Highly recommended.

Paul Weiss
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14 of 17 people found the following review helpful
4.0 out of 5 stars Connelly doesn't disappoint!, September 3, 2000
Angels Flight is not as good as Void Moon, but it is still a great crime novel. Connelly is your better-than-average crime/suspense novelist and he doesn't disappoint with Angels Flight.
Harry Bosch is great & the story basically is about the murder of 2 people, one being a high-profile lawyer. It is better than just your average 'whodunit' as it is still political enough to be interesting and still clever enough to keep you guessing throughout the book, with enough twists to make it believable.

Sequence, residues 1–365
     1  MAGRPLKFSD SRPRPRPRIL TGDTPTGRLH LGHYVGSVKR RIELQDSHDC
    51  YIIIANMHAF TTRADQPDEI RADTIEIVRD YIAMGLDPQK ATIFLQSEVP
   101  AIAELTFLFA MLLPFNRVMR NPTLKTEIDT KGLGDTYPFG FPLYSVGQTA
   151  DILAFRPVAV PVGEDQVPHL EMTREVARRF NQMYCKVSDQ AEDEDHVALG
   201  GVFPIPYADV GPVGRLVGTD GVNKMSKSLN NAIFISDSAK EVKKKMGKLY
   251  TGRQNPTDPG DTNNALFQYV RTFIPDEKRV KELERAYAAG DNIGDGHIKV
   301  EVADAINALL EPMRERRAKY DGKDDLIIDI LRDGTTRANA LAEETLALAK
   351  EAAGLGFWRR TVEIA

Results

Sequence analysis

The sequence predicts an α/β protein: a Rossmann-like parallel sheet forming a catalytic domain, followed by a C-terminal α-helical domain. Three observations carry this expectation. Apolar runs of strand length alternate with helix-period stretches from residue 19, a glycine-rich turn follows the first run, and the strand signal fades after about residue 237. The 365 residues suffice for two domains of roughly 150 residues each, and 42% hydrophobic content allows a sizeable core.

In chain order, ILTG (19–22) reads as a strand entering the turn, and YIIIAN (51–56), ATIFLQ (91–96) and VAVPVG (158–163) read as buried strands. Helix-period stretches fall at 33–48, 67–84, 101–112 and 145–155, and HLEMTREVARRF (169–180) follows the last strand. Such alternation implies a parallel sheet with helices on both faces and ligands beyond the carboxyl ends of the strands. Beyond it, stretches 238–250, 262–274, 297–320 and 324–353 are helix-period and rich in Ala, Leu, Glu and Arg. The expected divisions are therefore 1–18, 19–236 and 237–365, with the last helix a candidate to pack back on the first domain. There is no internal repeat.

After a few crappy crime/suspense novels that I have read in the last couple of days, Connelly was just the ticket to get me back into great ones again & I have just ordered all his books!
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4 of 4 people found the following review helpful
5.0 out of 5 stars Pretty close to perfect..., August 23, 2006
Angels Flight was the first Michael Connelly/Harry Bosch book that I read and when I picked it up four years ago, I realized that Connelly was no ordinary mystery writer. It took three more years to finally read the rest of this series, and since finishing them all, I wanted to go back and reread Angels Flight as I didn't remember much of what happened. Not only did I enjoy it just as much the second time around, but it remains one of my very favorite Bosch mysteries.